The iPhone doesn't come with a lot of software installed on it, but it does come with easy access to Apple's App Store. The App Store allows you to browse through thousands of applications (both free and paid), and select titles to download directly to your phone. If you're looking for software for your iPhone, you'll find it in there.
The notable new messaging feature on the iPhone 3GS is support for MMS, or multi-media messaging. This means you can send pictures and videos by SMS, rather than having to send them via e-mail. I'm sure this will be a great feature -- as soon as it's available. It won't be available until later this summer.
Other new and very-handy e-mail features include the ability to search through your e-mail messages and contacts, as well as the option to use a landscape-oriented keyboard when composing messages.
The camera has been upgraded from 2 megapixels to 3 megapxiels, and adds autofocus. But it still lacks a flash, and my test photos didn't look markedly better than shots I captured with my first-generation iPhone.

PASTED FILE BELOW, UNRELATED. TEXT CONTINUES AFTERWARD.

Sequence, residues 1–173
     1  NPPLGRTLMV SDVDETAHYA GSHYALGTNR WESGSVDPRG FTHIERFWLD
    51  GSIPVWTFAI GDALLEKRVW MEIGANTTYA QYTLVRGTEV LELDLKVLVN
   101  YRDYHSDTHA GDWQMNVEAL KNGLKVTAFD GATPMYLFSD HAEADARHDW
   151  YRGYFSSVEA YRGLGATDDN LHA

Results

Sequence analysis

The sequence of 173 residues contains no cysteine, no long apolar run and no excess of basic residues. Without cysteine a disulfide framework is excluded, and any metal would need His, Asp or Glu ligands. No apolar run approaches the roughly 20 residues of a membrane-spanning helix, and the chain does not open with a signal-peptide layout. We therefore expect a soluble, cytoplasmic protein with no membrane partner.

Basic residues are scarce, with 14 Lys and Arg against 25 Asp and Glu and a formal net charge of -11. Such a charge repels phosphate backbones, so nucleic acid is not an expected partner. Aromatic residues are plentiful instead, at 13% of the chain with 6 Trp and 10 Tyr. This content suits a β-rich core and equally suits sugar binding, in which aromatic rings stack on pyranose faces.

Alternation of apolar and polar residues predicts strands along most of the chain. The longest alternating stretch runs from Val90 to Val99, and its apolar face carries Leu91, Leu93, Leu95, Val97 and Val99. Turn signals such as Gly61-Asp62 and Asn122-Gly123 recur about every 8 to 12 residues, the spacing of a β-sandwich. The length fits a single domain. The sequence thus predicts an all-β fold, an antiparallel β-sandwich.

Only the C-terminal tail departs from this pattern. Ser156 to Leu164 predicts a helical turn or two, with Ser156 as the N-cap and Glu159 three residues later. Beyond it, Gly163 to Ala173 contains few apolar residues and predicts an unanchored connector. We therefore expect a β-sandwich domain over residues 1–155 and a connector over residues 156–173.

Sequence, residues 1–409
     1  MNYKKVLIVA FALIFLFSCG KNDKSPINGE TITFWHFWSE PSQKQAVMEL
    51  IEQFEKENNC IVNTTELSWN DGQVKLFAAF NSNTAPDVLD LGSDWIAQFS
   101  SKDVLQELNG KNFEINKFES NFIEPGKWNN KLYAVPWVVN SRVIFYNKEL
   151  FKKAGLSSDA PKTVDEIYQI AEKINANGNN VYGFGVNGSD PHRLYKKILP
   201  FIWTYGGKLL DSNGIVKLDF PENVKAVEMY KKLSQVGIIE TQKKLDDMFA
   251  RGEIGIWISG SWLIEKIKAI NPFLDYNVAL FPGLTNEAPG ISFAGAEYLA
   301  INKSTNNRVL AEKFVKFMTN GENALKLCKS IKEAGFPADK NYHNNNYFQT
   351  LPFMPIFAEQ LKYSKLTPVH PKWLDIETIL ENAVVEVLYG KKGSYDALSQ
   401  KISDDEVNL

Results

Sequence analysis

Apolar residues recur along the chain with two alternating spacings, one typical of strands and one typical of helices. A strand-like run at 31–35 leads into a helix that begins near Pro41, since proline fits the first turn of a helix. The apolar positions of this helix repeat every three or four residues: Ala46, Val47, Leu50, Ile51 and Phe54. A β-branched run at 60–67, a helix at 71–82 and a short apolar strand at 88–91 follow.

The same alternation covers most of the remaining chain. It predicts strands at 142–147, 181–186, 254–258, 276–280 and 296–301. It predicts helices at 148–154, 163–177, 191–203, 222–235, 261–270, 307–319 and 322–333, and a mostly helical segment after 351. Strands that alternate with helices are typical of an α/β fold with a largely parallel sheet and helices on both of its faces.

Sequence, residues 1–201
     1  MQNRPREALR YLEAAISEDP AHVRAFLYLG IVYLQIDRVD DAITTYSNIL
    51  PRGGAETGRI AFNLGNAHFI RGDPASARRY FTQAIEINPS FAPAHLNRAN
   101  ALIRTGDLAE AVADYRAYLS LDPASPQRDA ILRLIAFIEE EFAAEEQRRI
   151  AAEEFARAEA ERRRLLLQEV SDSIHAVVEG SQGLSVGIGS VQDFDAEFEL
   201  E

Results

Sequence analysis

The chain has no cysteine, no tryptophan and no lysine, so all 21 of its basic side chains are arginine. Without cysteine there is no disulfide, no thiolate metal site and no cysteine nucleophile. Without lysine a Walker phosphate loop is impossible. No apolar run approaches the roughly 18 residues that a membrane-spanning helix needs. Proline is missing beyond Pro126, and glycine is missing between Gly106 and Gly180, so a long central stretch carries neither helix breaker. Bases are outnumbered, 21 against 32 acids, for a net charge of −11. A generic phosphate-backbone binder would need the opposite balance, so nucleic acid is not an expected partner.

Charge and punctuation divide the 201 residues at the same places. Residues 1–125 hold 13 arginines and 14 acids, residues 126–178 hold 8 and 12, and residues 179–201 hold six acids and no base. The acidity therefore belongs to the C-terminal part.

The iPhone 3GS also adds the ability to capture video clips at 30 frames per second. My clips looked a tad on the dark side, but the feature is a welcome one. The iPhone 3GS also includes on-board video-editing software, which is easy to use.
Music and More
The iPhone 3GS retains the excellent iPod features found on previous versions, but with a few upgrades. Thanks to the iPhone 3.0 software, you can rent movies and videos directly from the phone, using iTunes. In the past, you had to purchase or rent most video content on your computer, and then manually transfer it to your phone.
Additional features include a voice control interface, an included digital compass, support for Nike + technology (which allows you to sync workout data with your computer), enhanced GPS capabilities, and support for stereo Bluetooth.
If you already own an iPhone 3G, the iPhone 3GS may not be worth the additional cost, since you can get many of its cool features for free with the iPhone 3.0 software upgrade. But if you've been using an older iPhone or smartphone, or are new to the smartphone world, the iPhone 3GS will amaze you with its speed and plentiful features.